They say you can tell a lot about a man by his shoes and I feel the same way about a woman and her handbag. Is she the laid back and casual type? Does she shun upscale designer bags in favor of affordable, sensible ones? Is she over the top and has the Hermes store on her speed dial? No matter what the style, the price or the preference, a woman's handbag is sacred and it's contents supreme. Let's take a look at some popular bag types, where they should rest and what they should contain.

Most Popular Bag Styles: The Handbag, The Tote & The Clutch

A well-groomed woman finds it virtually impossible to own just one bag for all occasions and ensembles which is why there are three main categories of bag: the handbag, the tote and the clutch to choose from. She notices the craftsmanship and understands that one quality-made handbag will outlast three or four mediocre ones. Personally, I look at a handbag purchase as an investment especially if I choose one that is classic over trendy.

Size Matters

The size of the bag should be directly in proportion with your own. At my height, there is no way for me to rock a gargantuan tote, it would look ridiculous, but some of my taller friends, no problem! The most elegant bag is minuscule in size and is reserved for the most formal of occasions as compared to the larger tote model which is often used for everyday.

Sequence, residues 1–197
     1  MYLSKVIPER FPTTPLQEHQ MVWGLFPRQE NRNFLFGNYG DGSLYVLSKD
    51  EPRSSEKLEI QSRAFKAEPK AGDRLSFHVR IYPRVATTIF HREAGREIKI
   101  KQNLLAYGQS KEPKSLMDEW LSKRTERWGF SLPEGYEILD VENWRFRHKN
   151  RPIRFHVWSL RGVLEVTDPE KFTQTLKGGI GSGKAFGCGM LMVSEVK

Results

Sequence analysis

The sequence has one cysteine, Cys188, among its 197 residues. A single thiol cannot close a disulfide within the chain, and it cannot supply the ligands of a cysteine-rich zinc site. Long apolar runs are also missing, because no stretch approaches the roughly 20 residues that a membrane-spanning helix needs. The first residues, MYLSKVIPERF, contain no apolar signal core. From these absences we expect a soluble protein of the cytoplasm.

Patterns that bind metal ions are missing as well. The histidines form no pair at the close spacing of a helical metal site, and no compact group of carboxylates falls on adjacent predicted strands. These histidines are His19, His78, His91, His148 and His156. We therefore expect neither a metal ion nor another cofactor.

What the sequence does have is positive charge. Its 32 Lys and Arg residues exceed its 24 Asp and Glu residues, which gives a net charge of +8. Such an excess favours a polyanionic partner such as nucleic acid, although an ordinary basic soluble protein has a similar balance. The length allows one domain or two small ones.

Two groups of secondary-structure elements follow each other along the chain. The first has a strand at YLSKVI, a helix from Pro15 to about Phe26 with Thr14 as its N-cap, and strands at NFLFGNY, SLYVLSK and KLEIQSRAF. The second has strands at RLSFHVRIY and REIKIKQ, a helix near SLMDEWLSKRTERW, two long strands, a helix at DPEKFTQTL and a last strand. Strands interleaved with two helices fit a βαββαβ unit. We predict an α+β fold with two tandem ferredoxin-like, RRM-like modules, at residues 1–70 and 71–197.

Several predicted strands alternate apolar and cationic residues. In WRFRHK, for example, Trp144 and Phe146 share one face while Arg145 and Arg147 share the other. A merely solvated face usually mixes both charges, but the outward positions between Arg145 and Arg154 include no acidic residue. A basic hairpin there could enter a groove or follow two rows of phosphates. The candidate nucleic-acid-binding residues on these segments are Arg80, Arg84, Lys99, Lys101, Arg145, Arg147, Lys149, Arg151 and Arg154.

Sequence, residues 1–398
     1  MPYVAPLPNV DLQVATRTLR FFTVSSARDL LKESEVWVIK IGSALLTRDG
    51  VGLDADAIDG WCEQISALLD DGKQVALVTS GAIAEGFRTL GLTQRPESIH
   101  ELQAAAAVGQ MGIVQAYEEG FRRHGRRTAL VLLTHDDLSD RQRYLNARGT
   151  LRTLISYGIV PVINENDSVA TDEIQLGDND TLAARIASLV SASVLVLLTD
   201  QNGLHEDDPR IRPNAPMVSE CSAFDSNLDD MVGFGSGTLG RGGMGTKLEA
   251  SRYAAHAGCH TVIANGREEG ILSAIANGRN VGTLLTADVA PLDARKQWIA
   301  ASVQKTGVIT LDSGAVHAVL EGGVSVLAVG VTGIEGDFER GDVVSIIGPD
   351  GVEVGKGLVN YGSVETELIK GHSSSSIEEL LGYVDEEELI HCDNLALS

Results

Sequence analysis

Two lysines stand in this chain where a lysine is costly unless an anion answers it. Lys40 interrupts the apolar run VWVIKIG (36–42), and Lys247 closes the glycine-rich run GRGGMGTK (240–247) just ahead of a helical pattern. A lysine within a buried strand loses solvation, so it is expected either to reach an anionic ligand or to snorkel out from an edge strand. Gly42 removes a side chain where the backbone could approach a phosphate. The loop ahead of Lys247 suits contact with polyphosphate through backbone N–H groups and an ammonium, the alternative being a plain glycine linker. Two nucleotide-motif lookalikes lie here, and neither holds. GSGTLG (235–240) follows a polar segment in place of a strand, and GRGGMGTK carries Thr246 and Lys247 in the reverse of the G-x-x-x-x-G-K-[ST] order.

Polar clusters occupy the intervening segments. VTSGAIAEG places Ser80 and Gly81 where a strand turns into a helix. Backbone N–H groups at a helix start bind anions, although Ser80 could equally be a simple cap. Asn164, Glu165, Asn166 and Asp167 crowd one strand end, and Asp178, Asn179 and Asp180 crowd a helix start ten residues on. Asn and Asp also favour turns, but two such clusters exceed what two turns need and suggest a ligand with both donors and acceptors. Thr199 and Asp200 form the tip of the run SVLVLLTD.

A Bag for Every Season

Since bags come in all shapes and sizes, it is wise to have an assortment in your arsenal for all seasons and occasions. (1) a large tote bag for travel or casual wear, (2) a practical leather handbag in neutral tones of either black, brown or beige to wear with urban ensembles, (3) a fine evening purse of silk, satin or velvet in black or dyed to match a cocktail party dress or coat, and a (4) straw handbag to accessorize an outfit for summer.